Eggleston began to take photographs in 1962, after becoming fascinated with the work of Henri Cartier-Bresson. In the mid-1960s, he experimented with colour photography, at a time when serious photographers were expected to use only black and white. His subject matter was drawn from his immediate surroundings in Memphis and Mississippi, and often included friends and family.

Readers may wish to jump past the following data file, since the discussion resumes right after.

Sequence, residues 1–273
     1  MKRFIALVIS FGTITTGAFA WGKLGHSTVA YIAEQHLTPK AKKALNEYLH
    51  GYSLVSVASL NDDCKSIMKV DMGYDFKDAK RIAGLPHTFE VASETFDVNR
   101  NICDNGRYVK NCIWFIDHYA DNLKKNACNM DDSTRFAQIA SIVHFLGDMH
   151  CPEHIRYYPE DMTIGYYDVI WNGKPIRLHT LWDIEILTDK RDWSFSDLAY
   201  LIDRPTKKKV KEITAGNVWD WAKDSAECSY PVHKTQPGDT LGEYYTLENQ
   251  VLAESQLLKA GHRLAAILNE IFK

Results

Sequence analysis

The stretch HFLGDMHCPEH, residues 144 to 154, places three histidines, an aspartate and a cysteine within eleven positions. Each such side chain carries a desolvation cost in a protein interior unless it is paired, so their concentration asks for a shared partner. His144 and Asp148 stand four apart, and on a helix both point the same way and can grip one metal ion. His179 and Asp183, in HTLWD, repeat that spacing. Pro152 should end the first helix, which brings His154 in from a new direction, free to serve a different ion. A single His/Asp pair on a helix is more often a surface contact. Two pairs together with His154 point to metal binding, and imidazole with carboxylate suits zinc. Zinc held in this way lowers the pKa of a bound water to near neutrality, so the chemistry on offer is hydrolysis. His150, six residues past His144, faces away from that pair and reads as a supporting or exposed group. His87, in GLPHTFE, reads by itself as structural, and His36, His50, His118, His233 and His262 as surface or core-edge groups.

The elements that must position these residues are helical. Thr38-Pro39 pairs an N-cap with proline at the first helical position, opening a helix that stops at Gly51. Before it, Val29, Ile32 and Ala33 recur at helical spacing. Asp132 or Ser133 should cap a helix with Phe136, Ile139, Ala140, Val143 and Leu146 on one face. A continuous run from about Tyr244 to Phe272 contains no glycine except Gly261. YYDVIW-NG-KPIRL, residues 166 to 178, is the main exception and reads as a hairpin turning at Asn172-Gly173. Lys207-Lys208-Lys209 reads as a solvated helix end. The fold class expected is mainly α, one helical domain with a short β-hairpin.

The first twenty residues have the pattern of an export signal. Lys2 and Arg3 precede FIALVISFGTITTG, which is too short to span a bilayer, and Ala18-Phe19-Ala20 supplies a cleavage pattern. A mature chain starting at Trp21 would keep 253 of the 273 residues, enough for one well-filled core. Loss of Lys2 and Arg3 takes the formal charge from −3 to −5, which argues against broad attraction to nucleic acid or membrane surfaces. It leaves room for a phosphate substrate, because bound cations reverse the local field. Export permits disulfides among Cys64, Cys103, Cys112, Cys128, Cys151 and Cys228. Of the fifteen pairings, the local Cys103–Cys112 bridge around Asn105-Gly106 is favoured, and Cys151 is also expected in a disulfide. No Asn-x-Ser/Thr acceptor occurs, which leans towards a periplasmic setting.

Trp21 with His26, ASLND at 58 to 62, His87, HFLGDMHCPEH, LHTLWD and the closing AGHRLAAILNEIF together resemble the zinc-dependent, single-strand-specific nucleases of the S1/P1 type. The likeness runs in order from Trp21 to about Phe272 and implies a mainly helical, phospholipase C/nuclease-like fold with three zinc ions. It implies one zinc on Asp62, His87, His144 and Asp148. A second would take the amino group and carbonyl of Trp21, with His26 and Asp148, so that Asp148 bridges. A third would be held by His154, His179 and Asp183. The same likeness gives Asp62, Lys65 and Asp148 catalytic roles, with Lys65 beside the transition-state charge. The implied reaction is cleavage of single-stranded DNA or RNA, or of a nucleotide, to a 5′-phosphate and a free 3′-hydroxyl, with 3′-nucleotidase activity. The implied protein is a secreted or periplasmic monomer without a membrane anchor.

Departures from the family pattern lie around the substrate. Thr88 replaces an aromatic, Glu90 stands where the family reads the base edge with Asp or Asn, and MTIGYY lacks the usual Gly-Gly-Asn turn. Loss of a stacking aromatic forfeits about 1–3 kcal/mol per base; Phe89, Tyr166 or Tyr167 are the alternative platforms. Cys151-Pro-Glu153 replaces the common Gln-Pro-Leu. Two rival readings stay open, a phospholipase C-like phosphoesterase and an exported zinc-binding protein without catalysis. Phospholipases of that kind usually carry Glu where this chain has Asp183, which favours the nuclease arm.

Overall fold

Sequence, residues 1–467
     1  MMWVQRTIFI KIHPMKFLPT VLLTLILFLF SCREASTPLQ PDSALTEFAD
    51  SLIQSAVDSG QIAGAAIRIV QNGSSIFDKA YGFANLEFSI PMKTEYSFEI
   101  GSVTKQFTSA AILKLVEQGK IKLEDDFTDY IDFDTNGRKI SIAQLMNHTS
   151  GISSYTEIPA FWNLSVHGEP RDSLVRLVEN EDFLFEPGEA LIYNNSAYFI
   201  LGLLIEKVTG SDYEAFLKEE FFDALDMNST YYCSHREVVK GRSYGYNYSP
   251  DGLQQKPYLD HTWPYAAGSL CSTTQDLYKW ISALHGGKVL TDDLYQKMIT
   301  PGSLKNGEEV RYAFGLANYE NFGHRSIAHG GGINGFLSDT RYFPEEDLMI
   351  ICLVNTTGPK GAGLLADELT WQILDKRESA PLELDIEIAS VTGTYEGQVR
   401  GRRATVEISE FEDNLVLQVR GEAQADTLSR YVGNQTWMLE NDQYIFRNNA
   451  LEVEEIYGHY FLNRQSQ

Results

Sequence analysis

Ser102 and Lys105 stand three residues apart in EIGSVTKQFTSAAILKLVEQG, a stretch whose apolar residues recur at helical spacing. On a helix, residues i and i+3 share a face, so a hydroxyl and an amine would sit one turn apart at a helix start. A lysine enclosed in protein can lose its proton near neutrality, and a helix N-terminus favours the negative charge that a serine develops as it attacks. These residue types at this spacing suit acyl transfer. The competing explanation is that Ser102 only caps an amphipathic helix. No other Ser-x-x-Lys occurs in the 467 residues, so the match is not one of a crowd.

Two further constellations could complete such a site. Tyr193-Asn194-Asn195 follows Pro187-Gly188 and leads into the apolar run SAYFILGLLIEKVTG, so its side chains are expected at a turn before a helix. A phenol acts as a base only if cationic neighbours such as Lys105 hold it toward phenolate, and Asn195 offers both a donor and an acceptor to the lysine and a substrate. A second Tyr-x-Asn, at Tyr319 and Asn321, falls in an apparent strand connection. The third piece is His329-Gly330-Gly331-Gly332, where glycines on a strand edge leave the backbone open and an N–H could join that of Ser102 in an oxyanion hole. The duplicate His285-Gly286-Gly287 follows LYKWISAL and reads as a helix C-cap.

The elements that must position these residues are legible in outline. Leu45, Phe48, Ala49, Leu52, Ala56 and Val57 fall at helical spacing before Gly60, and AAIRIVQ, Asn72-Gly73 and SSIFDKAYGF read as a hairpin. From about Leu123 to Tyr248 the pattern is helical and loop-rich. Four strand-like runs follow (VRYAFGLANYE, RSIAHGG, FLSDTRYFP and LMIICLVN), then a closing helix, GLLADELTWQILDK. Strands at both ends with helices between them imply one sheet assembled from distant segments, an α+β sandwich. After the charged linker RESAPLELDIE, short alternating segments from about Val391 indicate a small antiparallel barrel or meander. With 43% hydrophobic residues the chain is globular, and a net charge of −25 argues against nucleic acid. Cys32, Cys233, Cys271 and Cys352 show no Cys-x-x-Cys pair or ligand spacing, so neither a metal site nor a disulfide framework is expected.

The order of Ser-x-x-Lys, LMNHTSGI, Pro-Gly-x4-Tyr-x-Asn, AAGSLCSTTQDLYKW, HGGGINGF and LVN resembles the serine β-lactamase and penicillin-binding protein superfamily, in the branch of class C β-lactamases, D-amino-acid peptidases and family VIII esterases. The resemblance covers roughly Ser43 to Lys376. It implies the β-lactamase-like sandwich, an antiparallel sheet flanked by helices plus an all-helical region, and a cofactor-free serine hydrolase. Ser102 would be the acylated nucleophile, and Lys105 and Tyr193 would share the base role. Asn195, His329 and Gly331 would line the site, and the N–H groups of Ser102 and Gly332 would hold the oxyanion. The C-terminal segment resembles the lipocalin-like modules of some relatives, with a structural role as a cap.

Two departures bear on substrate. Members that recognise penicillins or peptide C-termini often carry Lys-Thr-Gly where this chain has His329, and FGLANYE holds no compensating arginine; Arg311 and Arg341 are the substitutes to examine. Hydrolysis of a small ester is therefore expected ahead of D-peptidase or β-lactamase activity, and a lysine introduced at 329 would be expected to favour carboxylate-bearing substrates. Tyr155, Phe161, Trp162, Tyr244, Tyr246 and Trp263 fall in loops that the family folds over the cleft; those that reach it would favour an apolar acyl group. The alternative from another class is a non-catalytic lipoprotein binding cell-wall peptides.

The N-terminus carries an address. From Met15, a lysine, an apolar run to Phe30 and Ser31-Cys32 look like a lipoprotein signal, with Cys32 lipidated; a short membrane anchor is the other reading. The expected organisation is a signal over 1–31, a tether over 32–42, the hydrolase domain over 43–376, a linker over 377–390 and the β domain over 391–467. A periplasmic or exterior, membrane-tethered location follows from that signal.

The saturated colours of these photographs, achieved using a dye-transfer printing technique, together with unusual camera angles and atmospheric settings immerse the viewer in his unique vision of the world. A selection formed the basis of a highly influential solo exhibition at the Museum of Modern Art in New York, and the accompanying book, William Eggleston’s Guide (1976). His subsequent publications have included The Democratic Forest (1989), Ancient and Modern (1992), and most recently Los Alamos (2003).